Effective Permissions


I've got a few question that are failry simple for you guys (i hope)

If a user belongs to a few groups. For example in Sales he has Read, in HR he has Read, and in Engineers he has Write. therefore, his effective permission is Write.

1) So when it says His effective is Write, does that means he has the ability to Write even though he is in the Sales, and HR groups, correct ??

2) If a user who is a member of 2 groups (Engineers, who have NTFS permissions Modify, and Sales who have a permission of Write) and has been Denied Read to a certain folder (not the whole group, just him), then is his effective permission still Write?

3) If someone had been Denied Read to one resource, would this affect their ability to Read other resources i.e. If someone is Denied Read to Folder A. Will they be unable to read somethign in Folder B

Im sorry if these questions are obvious, but im going back to my Microsoft courses after putting them off for ages, and there are few things i've forgot, so I just need to clear few things up.

Thanks in advanced
Who is Participating?
Rich RumbleConnect With a Mentor Security SamuraiCommented:
Yes, deny the user, don't trust braindumps ;)
inbarasanConnect With a Mentor Commented:
Dear LFC1980,
My answers are below

1) Yes she has ability to write
2)Deny will take effect even if the user has Full control. Deny will supersede all the rights
3)Depends on the permissions on the resource. If other resource has read or write , that will take effect. It doesn't matter if a user id denied somewhere. The effective permission on the folder will take effective.

LFC1980Author Commented:
To clear up (3)....Say The user has Read perms for Folder A, and Read also for Folder B. And is then Denied Read for A, does that mean even though he has been denied Read on A, he CAN read on Folder B ?????

The reason this is confusing me is because I had a question where a user belongs to 2 groups. Engineers and Sales. And only he was to be denied read to a folder, so no one else is affected.  

The Folder has NTFS permis that allows Administrators Full control, and Engineers have Modify.
The Share permissions allow Everyone Change.

The user kept modifying files in Folder A, so the solution was to Deny him Read. (not the whole group). However, in the explanation of the answer, it also goes on to say as the user is also in Sales, you have to assign "Allow Read" permission for Sales.

Why is that????
How will his abilities as a Sales member be affected??????

PS: This has kind of turned into a new question so ill add extra points

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denies goes over allow. if he is denied to read in folder A nothing happens to folder B (unless b is a subdir of A and inherit permissions)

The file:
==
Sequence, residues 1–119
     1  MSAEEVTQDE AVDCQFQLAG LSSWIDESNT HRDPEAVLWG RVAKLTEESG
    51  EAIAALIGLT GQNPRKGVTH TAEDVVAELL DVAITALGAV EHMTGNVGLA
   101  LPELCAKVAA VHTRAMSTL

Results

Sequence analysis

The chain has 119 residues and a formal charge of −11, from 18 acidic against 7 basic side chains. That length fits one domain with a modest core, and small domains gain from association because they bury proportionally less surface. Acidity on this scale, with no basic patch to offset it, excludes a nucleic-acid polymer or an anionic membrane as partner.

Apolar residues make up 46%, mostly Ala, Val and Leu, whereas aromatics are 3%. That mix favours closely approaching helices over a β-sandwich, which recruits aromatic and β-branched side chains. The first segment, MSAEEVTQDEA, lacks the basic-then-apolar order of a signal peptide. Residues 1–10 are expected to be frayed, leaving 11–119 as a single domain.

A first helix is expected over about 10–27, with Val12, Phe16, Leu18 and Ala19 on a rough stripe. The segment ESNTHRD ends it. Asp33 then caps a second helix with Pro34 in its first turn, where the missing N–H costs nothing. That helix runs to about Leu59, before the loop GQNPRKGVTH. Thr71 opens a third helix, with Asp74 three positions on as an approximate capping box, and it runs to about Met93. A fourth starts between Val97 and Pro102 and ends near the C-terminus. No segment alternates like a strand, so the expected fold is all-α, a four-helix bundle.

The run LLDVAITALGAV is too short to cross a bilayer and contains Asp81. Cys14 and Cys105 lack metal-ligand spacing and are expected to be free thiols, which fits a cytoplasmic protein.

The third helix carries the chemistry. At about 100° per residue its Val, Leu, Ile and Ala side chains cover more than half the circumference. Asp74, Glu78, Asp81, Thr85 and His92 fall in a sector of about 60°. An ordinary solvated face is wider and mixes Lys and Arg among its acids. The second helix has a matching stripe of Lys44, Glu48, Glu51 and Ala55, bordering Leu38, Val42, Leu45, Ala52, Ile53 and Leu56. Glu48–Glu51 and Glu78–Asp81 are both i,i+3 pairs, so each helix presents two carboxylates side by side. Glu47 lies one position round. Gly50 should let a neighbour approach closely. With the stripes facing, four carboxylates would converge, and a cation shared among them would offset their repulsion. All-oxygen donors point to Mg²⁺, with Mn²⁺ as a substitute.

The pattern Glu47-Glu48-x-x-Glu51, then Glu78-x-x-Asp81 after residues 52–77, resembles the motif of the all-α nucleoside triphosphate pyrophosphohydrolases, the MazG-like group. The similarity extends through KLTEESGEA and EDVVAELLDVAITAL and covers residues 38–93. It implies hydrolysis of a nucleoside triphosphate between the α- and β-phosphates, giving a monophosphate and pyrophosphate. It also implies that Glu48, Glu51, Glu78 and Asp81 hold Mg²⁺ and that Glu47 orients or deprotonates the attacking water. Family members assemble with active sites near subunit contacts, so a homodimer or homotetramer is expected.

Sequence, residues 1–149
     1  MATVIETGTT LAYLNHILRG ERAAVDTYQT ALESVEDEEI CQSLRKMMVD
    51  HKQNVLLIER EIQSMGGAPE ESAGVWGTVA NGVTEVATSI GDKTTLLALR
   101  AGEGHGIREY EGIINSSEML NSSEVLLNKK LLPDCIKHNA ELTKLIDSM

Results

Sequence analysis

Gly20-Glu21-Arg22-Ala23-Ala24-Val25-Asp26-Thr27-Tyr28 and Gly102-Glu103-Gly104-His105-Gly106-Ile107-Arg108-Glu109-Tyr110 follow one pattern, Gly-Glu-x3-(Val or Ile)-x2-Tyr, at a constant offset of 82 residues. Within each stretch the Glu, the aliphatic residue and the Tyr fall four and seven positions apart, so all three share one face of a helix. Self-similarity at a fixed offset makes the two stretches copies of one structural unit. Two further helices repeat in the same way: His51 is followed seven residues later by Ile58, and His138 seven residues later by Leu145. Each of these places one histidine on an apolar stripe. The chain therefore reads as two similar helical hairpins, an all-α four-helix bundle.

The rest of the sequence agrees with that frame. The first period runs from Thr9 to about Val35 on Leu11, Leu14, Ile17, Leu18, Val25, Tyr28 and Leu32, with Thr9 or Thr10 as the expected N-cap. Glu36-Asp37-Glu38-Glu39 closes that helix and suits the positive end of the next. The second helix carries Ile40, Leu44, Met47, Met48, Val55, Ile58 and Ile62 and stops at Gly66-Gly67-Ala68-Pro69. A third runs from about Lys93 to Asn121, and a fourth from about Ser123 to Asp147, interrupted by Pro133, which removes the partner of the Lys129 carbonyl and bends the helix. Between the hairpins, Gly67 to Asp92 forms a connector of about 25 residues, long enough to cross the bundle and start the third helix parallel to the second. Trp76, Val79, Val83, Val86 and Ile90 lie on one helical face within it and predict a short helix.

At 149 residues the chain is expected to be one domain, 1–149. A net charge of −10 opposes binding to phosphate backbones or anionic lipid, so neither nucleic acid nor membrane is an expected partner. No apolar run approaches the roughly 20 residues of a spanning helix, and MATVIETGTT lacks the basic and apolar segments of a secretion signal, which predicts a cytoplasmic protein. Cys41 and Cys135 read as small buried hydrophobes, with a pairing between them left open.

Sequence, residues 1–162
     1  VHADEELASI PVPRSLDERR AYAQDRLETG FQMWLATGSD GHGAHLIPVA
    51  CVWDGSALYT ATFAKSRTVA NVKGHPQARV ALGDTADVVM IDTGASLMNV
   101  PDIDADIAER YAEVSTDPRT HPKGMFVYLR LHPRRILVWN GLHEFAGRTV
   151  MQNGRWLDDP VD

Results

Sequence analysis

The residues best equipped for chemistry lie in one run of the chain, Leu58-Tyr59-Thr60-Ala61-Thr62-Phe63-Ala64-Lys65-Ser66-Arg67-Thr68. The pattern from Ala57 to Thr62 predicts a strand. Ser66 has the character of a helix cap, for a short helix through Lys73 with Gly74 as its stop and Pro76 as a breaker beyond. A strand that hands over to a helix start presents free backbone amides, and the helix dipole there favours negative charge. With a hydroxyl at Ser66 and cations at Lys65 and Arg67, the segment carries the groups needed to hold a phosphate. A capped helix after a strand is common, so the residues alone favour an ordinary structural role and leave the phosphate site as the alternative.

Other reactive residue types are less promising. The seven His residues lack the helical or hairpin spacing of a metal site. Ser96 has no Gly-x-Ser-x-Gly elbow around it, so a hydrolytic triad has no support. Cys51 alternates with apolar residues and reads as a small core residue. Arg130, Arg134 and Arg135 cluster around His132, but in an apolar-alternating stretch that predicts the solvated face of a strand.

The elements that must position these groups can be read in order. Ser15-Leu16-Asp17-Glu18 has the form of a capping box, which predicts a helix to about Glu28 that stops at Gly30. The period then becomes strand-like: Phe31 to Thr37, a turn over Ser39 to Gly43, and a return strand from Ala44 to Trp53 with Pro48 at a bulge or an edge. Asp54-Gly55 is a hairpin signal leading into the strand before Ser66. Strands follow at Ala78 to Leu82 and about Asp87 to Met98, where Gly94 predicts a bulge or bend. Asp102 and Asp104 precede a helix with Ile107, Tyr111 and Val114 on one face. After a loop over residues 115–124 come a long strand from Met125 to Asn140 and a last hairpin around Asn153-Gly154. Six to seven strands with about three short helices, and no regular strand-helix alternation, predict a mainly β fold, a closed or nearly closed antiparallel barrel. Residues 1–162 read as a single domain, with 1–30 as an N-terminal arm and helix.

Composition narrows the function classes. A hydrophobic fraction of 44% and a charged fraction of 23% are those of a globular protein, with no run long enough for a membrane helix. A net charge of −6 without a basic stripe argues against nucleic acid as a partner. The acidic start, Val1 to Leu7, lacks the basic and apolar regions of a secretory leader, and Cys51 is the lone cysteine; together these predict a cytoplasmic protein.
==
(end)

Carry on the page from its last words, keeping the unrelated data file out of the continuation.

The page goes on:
permissions for folders are analized this way:
1 - the user is denied in any of the groups he belongs?
    yes-> then he is denied
    no-> then:
2 - the user is allowed in any of the groups he belongs?
    yes-> then he can access
    no-> then he cannot access
LFC1980Author Commented:
Ok. So why did the explanation ask to Allow Read for the Sales group.

As i mentioned before, i have not touched my books for a while, so sorry if these questions are obvious
I didn't understand the last....
LFC1980Author Commented:
Ok i'll re-write it and hopefully its more clear....if not, just let me know what part you cannot understand

To clear up the 3rd point)....If the user is initially allowed the Read permission for a folder named, Folder A, and also has the Read permission for a folder called Folder B. The user is then Denied the Read permission for Folder A.

Now does that mean even though he has been denied the Read permission on folder A, he is still able to Read on FolderB ?????....Or would he be Denied Read on FolderB as well?????

The reason this is confusing me is because I had a question..........

A user belongs to 2 groups. These two groups are Engineers and Sales..  

This user kept changing the files in a folder called XYZ. So he had to be Denied access to this folder, but you also have to make sure he remians in the groups he is in so he can carry out other tasks

XYZ has NTFS permis that allow Administrators Full control, and Engineers have the Modify permission.
The Share permissions for XYZ allow Everyone the Change permission.

The solution said Deny him Read and Execute. (not the whole group just him).

However, in the explanation of the answer it also goes on to say, as the user is also in Sales, you have to assign "Allow Read" permission for Sales, whcih would be the appropriate setting so as not to affect other users while allowing the user to remain and operate in the groups he is in.

Why is that...what is the reasoning behind allowing Read to the Sales group

How will his abilities as a Sales member be affected if you only Denied him Read for XYZ.

Hope the above is more clear
Rich RumbleSecurity SamuraiCommented:
I haven't read through all the post's... NTFS uses the MOST restrictive Access List entry as the "effective" permission.